Although not strictly in Beverley I have included the Molescroft as most people regard it is. A licensed house later called the Marquis of Wellington (simply the Wellington in 1823) was recorded in Molescroft from at least 1754 (VCH page 284). As an alehouse it served the hamlet of Molescroft, which had only 124 inhabitants in 1840 and It appears to have been re-named the Battle of Trafalgar (simply the Trafalgar in some directories) in the early 19th Century in recognition of Nelson’s victory over Napoleon in 1805. Known colloquially as the Molescroft Inn it began to be officially listed as such in the trade directories of the 1870s.
It was also listed as the Grapes for a time in some trade directories; this was a name given to many pubs with the sign of the grapes hanging from their signboard. In actual fact it probably retained its original name throughout. The Census of 1881 recorded the new victualler of the pub, who had just arrived from Lincolnshire; George Willows innkeeper aged 40, his wife, three sons and a general servant were noted at the inn. The photograph here shows the pub in 1926.
During alterations in the early 1980s a small inglenook fireplace was discovered behind a cupboard, sadly the alterations meant the loss of some smaller rooms to create one large “L” shaped room.
Among the finds are roof timbers hewn roughly out of whole tree trunks, in what is thought to be the only roof of its kind in the town. Conservation experts and pub bosses were stunned by the finds, which came to light through plans to alter and extend the building. The pub in the shadow of Beverley Minster is an important Listed Building and planning chiefs insisted on an investigation of the site, parts of which have not been used for years, before they granted consent. A team of experts from the Royal Commission on Historical Monuments was called in and has been monitoring the finds. Now the pub’s owners are working with conservationists to preserve the historic features as part of their plans to convert the building into a luxury hotel.
They believe the building will become a major tourist attraction, and hope to create a museum as part of their scheme. Mr Roland Craft, Managing Director of Viking International, which owns the pub, said the wealth of history unearthed on the site had amazed even the top national experts; “Everybody was overwhelmed. The Royal Commission do not come up to Beverley very often, but they put a team in to investigate the whole site,” said Mr Craft. “We have had people in to look at it who just don’t believe what is here.” Among the experts who have examined the finds is Mr Rod Mackey, local representative for the Council for British Archaeology. He said the finds were an exciting discovery; “I have tried to analyse what I could see, and as far as I can make out the building is an 18th Century frontage which has been clad onto what appear to be two timber-framed buildings that span the passage, which was a medieval street. I think people realised that there would be timber-framed buildings behind the 18th Century frontage but what is surprising is the extent to which it has survived. It has rotted off at ground level but above that everything else is still there.”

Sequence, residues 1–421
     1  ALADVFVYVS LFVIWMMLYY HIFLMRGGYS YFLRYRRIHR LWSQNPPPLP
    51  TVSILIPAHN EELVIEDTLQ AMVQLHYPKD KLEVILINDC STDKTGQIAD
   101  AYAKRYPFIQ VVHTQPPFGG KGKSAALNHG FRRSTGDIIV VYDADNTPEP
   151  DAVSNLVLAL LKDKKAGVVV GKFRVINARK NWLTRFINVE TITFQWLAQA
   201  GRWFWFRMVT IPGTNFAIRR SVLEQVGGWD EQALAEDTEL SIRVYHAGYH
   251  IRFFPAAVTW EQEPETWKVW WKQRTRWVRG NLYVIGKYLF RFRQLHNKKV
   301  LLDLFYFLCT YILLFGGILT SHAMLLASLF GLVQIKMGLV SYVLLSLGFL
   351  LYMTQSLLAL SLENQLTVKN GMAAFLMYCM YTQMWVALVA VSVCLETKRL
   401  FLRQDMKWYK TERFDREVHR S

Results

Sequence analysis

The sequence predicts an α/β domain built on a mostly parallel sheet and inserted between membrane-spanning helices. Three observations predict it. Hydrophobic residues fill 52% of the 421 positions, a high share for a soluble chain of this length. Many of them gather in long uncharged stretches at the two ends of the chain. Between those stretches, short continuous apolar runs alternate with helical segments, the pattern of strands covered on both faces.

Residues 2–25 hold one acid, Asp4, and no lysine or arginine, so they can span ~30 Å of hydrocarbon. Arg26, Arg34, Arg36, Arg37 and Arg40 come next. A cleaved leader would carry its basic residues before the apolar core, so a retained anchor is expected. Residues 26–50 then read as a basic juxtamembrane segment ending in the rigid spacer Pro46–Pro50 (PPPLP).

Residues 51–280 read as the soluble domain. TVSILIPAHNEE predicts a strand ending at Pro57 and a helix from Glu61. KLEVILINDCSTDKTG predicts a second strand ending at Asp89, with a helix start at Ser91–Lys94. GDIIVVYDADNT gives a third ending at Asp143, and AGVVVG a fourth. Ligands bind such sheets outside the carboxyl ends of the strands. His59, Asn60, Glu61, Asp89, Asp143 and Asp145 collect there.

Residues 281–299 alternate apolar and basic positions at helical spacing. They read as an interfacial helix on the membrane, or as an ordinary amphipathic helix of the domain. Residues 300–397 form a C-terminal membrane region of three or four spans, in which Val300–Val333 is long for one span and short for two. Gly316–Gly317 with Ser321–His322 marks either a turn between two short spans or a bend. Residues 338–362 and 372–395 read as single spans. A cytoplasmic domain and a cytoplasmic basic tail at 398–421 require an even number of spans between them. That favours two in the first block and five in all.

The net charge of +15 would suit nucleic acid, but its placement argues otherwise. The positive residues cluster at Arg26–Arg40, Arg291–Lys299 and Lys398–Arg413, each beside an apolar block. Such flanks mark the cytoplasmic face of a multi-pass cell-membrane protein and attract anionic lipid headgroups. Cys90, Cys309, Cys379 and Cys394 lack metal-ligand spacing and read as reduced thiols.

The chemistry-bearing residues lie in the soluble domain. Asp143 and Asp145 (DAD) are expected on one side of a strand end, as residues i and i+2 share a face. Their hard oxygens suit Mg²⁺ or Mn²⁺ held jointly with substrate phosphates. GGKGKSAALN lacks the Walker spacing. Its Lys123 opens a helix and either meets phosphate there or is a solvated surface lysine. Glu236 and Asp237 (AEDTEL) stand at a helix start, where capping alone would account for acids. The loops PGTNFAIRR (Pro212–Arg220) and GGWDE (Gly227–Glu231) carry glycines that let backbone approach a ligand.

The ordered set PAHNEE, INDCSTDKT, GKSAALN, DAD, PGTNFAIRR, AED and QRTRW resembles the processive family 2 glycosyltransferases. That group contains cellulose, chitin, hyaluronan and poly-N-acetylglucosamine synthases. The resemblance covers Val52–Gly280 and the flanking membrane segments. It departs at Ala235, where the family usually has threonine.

Needless to say the Monks Walk has been a Grade II Star listed building since the 1950s (DoE serial No.10/89/50). A fire closed the Monks Walk from late 2000 until its welcome reopening in April 2001 but thankfully no serious damage was done. The second photograph here shows the scene in the 1950s and the link below puts the Monks Walk in context with the other pub in the street.
Select victuallers: - 1802 John Mair; 1814/15 Dorothy Mair; 1823 John Stockdale; 1826-31 William Mair; 1834-40 Edward Mair; 1846-55 Thomas Robinson; 1858-59 Thomas Tindall; 1864-69 William Duffill; 1870 T Richardson; 1872 Mrs Jane Richardson; 1877 H Barnes; 1879 Robert William Batty; 1882 Leonard T Graham; 1887-1916 Robert Blizzard; 1921 Mrs Mary Blizzard; 1929 Thomas Jobson; 1937-39 Harold Staveley; 1987 Gary Walton.
Highgate. Also known as the George, the George & Dragon and the Old George & Dragon.
The “George in Highgate” was mentioned in 1686 according to the Victoria County History for Beverley, however an earlier reference is to be found in a document dated 7th July 1658, which recorded a “Quitclaim: Richard Johnson of Bishop Burton gent’ to Hugh Bethell jnr’ of Ryse esq. … Messuage called the George in High Street alias the Londoner Street and a close (Lobley Lane to the North) in Beverley” (DDGE/3/58).
John Mair, an innholder and probably the John Mair listed as a brewer in Wilbert Lane, married Elizabeth Story in 1802. He was also known to have been brewing at the George & Dragon Highgate. Other members of the Mair family were also brewers but it is not clear if the George & Dragon, Highgate contained a brewery or was their residential address. The Census of 1851 recorded Thomas Robinson aged 42, his wife, one son, one daughter, a female house servant and a labourer present at the George & Dragon.
There were additions to the George & Dragon in January 1895 for the owners Chas. Darley & Co of Thorne (BOBE/6, 1895-1). George and Dragon Yard is still in existence today to the rear of the pub although its main entrance is in Eastgate. The entrance from Highgate may have been known as Blizzard’s Passage as it was recorded in the late 19th Century at the time when the victualler of the George & Dragon was Robert Blizzard, who was there from 1887 until at least 1916. The top photograph here shows the Monks Walk as the George & Dragon around 1905.